Could a New River City Transform California?

Along the San Joaquin, Madera County Is Building Thousands of New Homes—and Perhaps Shaping the State's Next Great Region

Could the San Joaquin River, long a dividing line in the heart of California, unite the state in pursuit of a more metropolitan future for the Central Valley?

Whether that happens will be determined in Madera County, on the north side of the river from Fresno. There, a new city, consisting of multiple large planned communities, is finally under construction after decades of planning and litigation.

The city has no name and incorporation could be decades away. But within a generation, its population could grow to more than 100,000 people; by …

Dear Government, Be Careful How You Help the Central Valley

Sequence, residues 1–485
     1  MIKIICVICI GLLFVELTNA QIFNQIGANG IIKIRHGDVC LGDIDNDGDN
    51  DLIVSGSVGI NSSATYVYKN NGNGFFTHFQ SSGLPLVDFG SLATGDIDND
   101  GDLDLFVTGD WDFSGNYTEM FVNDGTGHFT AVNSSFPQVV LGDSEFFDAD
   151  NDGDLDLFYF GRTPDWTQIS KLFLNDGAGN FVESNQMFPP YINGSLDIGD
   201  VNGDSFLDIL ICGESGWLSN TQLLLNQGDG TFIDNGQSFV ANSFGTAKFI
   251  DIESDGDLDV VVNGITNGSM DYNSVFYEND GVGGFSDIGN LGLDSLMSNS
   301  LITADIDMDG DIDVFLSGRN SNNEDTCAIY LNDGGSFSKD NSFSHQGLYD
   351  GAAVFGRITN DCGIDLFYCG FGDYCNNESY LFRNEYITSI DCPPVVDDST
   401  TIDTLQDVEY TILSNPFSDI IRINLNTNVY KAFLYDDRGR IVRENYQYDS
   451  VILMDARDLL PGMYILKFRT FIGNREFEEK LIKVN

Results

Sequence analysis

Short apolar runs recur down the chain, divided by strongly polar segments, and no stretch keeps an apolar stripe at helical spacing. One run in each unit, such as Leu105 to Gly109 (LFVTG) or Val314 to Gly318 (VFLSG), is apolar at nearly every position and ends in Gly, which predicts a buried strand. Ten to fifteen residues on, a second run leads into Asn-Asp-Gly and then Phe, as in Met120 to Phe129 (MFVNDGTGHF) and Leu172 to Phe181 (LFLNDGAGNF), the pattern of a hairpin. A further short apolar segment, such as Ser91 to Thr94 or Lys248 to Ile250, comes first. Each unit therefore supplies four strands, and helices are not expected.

DIY Fresno-Area Communities Need Public Support—Without Strings Attached

While Central Valley communities are creating their own solutions to stubborn problems neglected by county, state, and federal government, they also need government to offer more support for successful local …

Health Care for People on the Edge of the World

A Clinic on a Fresno Bus Helps IV Drug Users Deal With Infections

Dan, age 33, woke up one late summer Saturday in Fresno, California with pain in his left buttock.

Dan is tall, good-looking, and dresses neatly in long shorts, with white …

I Had to Go to Finland to Imagine How to Fix Fresno

Fresno's Obsession with Self-Reliance Is Not Helping Its Drug Problems, but Its Volunteer Needle Exchange Is

I grew up Fresno, but I fled as fast as I could. With its agriculturalist roots, the local political culture was narrated through the lens of rugged individualist ideals and …

Is Fresno California’s Taco Capital?

In Search of a Galvanizing Narrative, a Growing City Looks to Its Taquerías

Can tacos save Fresno?

Greater Fresno, with 1.1 million people and growing, is in the process of becoming California’s next big metropolitan area (it’s already fifth—after L.A., the Bay Area, San …